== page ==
RD: He's the one I can really depend on.
JH: He depends on me, but I wouldn't mind stabbing him in the back. But I love him.
RD: Yeah, yeah, yeah.
Robert, you co-wrote, directed, and star in it.
RD: Everybody helped me. Everybody pitched in, but, yeah, I wrote it.
Everyone pitched in. You directed and starred in it. What are some of the challenges of doing all of that? That's a lot of work.
RD: Yeah, but it's more fun than just acting. It's not any more tir- ... It's more tiring just acting than that. And less fun. There were the other problems too. Only 23 days. When I did it before I had 35 days, here we had 22 days. But it's ... you hire actors you depend on. You don't have to tell them what to do, you just let them perform what they're going to do. These guys, Josh and James [Franco] are really talented.
JH: But to be fair, you were working harder than anybody else on that set.
RD: Well, yeah, I had to because we had certain problems that I won't go into. You always have problems. We had technical problems.
I saw yesterday that you said the film has its own identity. Can you elaborate on that?
RD: I think so. It is what it is. It's a tale. It's a story. It's a family. I tried to make everything offhand. Not punch obvious things. Let the audience try to figure things out. My mother when she died, she knew she was going to die. She said to the people taking care of her "I won't be here tomorrow." So at the end of the movie when I give the girl my horse, and he knows maybe he might not be around much longer. He wants to unburden his story but he doesn't know who to do it with, so he goes to the lady that really advertently takes the one son that he needed to take but he shouldn't take because that's the end of that relationship. And this guy will stay with me forever, but he can't stay with me forever because I'm gone.
I guess to go ahead and finish this off, Everyone has a favorite western. what are y'all's?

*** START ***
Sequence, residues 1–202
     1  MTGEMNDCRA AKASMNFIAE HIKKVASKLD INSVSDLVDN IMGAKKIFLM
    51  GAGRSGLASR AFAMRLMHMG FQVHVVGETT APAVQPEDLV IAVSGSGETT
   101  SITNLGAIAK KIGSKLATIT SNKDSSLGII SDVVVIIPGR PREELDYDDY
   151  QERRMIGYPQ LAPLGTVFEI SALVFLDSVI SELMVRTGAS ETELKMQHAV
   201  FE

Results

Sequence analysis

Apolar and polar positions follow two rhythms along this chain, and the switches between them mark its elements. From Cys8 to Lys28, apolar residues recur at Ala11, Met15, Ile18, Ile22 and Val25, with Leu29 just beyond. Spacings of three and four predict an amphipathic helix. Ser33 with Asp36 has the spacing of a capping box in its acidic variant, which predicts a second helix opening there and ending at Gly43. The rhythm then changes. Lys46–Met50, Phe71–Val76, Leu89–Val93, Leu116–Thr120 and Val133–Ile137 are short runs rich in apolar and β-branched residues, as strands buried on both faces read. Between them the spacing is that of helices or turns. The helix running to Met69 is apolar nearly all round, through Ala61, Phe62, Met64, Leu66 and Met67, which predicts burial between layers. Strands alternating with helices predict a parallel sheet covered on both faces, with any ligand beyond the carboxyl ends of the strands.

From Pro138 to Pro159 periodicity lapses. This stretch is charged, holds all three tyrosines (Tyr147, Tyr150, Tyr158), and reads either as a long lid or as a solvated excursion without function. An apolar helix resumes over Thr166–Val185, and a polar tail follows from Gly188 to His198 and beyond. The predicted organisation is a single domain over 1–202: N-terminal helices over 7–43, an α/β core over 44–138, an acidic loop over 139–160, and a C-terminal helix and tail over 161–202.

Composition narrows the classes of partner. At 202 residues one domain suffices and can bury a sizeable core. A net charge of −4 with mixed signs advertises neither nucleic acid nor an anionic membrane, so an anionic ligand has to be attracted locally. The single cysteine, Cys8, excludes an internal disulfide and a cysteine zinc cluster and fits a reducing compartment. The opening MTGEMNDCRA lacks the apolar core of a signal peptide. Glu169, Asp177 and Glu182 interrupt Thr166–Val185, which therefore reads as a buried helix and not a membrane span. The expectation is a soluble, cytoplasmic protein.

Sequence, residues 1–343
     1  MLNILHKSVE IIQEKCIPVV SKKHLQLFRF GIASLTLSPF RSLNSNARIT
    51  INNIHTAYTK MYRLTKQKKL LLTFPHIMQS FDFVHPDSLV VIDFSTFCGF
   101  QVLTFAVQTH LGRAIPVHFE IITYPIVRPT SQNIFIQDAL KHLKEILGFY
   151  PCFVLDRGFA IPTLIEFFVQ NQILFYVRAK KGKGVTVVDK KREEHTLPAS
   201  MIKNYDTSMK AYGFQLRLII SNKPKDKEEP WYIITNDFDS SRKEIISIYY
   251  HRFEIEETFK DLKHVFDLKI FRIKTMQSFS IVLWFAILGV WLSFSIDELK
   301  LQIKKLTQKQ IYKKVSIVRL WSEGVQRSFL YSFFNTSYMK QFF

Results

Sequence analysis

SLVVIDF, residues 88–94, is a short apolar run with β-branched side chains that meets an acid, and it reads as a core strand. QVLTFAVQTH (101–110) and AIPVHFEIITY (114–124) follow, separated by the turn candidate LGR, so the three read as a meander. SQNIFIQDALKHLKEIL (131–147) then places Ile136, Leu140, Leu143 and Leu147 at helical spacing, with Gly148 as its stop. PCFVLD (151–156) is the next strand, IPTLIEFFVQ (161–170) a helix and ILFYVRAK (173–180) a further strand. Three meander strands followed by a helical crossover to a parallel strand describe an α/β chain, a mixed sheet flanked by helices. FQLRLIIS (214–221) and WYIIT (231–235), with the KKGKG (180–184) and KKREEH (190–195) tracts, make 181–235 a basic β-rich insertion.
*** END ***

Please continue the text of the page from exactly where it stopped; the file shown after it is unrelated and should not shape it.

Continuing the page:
RD: I can tell you what mine is not.
What is not your favorite Western?
RD: The Searchers.
RD: I'll argue with [Martin] Scorsese, anybody on it.
Do you want to elaborate on it?
RD: First of all, Monument Valley is not West Texas. Second of all, the young actor in that gives the worst performance in the history of performances. That story has never been done yet. You know the book "Empire of the Summer Moon"? That's the story. Warner Brothers has that and I hope they do it some day. I know he's interested in it. I guess my favorite part I've ever done is Lonesome Dove. Whether that's the best Western...
LONESOME DOVE is great.
RD: It had weaknesses. It wasn't as well directed as The Godfather, but I came into the wardrobe room one morning, I said "Boys, we're making The Godfather of Westerns" That's my favorite, I don't know if it's anybody else's favorite.
My mom loves LONESOME DOVE and she's awesome, so that counts for something.
RD: (laughs) I also liked when we did Broken Trail with the five Chinese girls for AMC. We put them on the map with that. It was difficult to do to work with them, but it was ... I'm doing another movie with them. You know Elmer Kelton the great Texas playwright?
RD: Voted the greatest Western writer of all time and I have the rights to "The Day the Cowboys Quit". A strike they went on against the ranchers. We're going to do a 2 night mini-series with AMC. That might be in the future my favorite Western.
RD: If we get it done. I don't know your favorite. That's mine.
Mine's YOUNG GUNS II. I watched it 500 times as a kid. I think it's Emilio Estevez's demeanor that made Billy the Kid seem so cool. And that lugh. Emilio's laugh is one of a kind. What about you, Josh? What's your favorite western?
JH: I watched Lonesome Dove a couple of times right before we started to work together because I thought "Of course, I have to," and I love that movie. I have always loved westerns. This is kind of a cop-out, but I grew up, I think I was probably about 10 years old or something like that, when Unforgiven came out and it really just blew my mind.
Definitely not a cop-out. That is a great film.
JH: Really blew my mind at the time and then when they did The Proposition a few years later, quite a few years later, I was like "This is a new style of Western. I love this."
RD: The one in Australia.
JH: Yeah. There were some moments in it that really got me. I don't know, there are just so many. For certain reasons I like some of the older Westerns, I love all the Sergio Leone Westerns, it's hard to pick just one. Really great question, Chase.
RD: Will Penny was pretty good, wasn't it? I never saw Will Penny but Kerry Gries edited this film and his father Tommy Gries directed that years ago. I never saw it but I hear it's pretty good with the actor.
JH: Star Wars. Star Wars is my favorite Western.
Boom. That's the perfect way to end this interview.